SUNY Onondaga Community College (OCC) is scaling up Introduction to the Liberal Arts, a new student success course required for all incoming liberal arts students. The student success course orients new students to the institution and helps them cultivate the skills needed to be successful in college while also using core texts to create a common intellectual experience and a sense of belonging on campus. The syllabi for sections of the student success course draw from a common list of eighty core texts, ranging from Homer’s The Odyssey to Virginia Woolf’s To the Lighthouse, devised annually by faculty.
OCC is also launching an Enduring Questions pathway, which allows students to complete at least twelve credits of required general education courses that draw on core humanities texts. The common reading list for the student success course serves as the inspiration for the pathway curriculum.
Great Works at the University of Nevada–Las Vegas
In 2003, the University of Nevada–Las Vegas (UNLV) created a four-course sequence that leads to a Great Works Academic Certificate. For their Cornerstone project, UNLV is leveraging the certificate to create both a general education pathway and a minor steeped in the “great works.”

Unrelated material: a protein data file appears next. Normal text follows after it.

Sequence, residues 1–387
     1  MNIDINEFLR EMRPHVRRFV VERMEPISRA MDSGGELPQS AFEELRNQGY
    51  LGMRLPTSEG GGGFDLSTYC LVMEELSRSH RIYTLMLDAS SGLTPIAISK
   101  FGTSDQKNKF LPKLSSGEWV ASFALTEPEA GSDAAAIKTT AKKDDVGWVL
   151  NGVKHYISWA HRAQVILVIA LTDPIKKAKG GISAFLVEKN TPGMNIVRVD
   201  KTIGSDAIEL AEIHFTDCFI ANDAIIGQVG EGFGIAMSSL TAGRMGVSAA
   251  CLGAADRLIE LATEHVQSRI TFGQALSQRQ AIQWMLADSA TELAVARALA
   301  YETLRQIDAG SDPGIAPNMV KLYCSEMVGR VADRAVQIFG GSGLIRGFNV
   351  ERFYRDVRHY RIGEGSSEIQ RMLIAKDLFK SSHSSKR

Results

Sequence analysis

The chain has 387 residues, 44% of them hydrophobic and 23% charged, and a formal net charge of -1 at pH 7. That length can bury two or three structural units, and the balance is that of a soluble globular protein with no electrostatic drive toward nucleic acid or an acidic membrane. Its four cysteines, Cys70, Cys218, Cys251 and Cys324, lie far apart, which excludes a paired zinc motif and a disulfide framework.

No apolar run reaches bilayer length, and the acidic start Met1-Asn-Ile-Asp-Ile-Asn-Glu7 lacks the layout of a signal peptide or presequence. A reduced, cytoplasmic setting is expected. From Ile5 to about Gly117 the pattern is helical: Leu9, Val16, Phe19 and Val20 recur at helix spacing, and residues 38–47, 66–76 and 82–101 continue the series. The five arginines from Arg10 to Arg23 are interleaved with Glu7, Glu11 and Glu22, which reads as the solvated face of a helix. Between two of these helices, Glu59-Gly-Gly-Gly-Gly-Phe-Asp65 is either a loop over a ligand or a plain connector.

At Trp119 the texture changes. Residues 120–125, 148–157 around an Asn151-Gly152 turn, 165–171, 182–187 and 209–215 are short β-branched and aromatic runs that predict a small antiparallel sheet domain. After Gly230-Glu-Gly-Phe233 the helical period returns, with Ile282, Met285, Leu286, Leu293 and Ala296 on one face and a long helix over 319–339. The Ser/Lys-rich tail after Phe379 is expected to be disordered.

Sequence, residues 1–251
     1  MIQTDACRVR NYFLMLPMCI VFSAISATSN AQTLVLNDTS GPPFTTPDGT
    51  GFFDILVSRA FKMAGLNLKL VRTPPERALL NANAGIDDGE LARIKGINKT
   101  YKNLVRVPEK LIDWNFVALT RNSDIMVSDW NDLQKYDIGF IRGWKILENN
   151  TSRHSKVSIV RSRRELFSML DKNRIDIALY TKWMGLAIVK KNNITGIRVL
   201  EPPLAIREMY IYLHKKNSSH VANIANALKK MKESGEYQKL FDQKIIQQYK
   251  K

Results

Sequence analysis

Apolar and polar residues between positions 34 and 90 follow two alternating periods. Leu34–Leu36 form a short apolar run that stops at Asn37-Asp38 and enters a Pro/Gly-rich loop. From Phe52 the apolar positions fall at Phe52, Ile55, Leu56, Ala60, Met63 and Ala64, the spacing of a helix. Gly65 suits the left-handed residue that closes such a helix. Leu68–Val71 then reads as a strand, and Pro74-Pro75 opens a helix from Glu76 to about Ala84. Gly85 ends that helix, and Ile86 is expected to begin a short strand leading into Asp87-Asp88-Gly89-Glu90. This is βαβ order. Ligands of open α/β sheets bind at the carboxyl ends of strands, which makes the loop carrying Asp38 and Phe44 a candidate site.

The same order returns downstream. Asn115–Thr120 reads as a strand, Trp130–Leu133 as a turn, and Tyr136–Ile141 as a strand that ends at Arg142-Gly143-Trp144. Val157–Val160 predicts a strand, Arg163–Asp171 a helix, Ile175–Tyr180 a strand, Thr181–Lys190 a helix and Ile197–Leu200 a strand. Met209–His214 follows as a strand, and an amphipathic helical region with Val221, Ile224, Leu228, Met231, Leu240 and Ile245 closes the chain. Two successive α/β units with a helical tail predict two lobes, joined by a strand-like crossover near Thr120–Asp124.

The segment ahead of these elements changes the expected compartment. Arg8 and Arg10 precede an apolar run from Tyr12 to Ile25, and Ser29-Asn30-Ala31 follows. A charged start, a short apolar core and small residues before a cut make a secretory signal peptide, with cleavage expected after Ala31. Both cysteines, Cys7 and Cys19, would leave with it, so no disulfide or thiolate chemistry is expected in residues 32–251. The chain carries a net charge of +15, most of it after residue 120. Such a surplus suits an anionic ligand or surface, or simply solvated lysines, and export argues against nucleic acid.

The pathway involves two additional humanities courses that extend beyond those offered in the certificate to meet general education requirements. The minor includes all of the courses in the pathway plus six credits of elective courses that emphasize transformative texts. The certificate, pathway, and minor are stackable and designed to allow students to meet most of their general education requirements through coursework in the humanities.
All of the campuses participating in theCornerstone: Learning for Living program are helping to revitalize the humanities in undergraduate education. Use our Cornerstone toolkit and join our free workshop series for more insights on how faculty leaders engage their colleagues, secure administrative and faculty buy-in, and attract students to courses that center the humanities in general education.
Photo courtesy of Loni Bordoloi Pazich.